Authoritarian Constitutionalism
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Authoritarian Constitutionalism

Comparative Analysis and Critique

Edited by Helena Alviar García and Günter Frankenberg

The contributions to this book analyse and submit to critique authoritarian constitutionalism as an important phenomenon in its own right, not merely as a deviant of liberal constitutionalism. Accordingly, the fourteen studies cover a variety of authoritarian regimes from Hungary to Apartheid South Africa, from China to Venezuela; from Syria to Argentina, and discuss the renaissance of authoritarian agendas and movements, such as populism, Trumpism, nationalism and xenophobia. From different theoretical perspectives the authors elucidate how authoritarian power is constituted, exercised and transferred in the different configurations of popular participation, economic imperatives, and imaginary community.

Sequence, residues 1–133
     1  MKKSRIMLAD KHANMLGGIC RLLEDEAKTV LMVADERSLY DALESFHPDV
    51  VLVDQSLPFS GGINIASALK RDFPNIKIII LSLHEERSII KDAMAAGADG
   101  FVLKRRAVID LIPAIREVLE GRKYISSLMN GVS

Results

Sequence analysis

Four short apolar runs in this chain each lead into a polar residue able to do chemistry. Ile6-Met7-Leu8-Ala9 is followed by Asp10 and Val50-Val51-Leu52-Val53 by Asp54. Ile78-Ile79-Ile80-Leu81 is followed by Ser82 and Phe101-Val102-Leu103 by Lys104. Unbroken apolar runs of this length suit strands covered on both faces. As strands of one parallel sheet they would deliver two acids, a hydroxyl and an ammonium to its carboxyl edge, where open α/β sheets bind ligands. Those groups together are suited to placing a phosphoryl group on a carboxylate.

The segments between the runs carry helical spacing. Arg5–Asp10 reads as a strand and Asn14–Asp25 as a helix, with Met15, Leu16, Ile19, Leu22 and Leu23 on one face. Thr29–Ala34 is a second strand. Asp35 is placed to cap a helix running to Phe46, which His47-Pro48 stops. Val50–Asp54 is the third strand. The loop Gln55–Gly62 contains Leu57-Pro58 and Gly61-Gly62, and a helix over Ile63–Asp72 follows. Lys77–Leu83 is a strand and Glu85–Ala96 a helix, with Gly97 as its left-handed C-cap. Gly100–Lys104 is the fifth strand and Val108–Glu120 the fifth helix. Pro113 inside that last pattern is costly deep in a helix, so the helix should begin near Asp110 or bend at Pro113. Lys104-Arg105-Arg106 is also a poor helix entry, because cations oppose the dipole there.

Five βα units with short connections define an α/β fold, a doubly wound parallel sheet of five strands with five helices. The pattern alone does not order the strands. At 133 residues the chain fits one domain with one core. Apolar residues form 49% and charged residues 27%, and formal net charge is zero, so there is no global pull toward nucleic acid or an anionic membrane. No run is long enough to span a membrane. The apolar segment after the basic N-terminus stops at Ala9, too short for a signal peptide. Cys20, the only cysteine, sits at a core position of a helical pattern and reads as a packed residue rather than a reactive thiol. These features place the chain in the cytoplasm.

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Chapter 10: Plus ça change . . . the riddle of all Central Asian constitutions

Scott Newton

Abstract

Marx posed (and solved) the riddle of all constitutions when he argued that the advent of liberal democracy revealed the ‘actual people’ as the authors of political order. The Central Asian constitutions sharpen that riddle, because in common with post-Soviet constitutional systems generally, they reveal actual elites, governing networks, as authors. Evident in their serial amendment over the past 25 years (more adjustments than reforms), the Central Asian constitutions remain the instruments, albeit complex and contingent, of those informal networks, shifting but enduring associations of politicians, bureaucrats and businessmen organised on the basis of patron–client relations who divide the spoils of office and monopolise the exercise of public authority. Those same systems at the same time exhibit a distinctive mode of performance, of which plebiscitary affirmation (referenda) and outcome-orientated jurisprudence are indicative, in the context of international constitutionalist norms. Soviet in derivation, Central Asian network-cum-performative constitutionalism as a distinct species of the genus poses a radical challenge to the hegemony of liberal constitutionalism.

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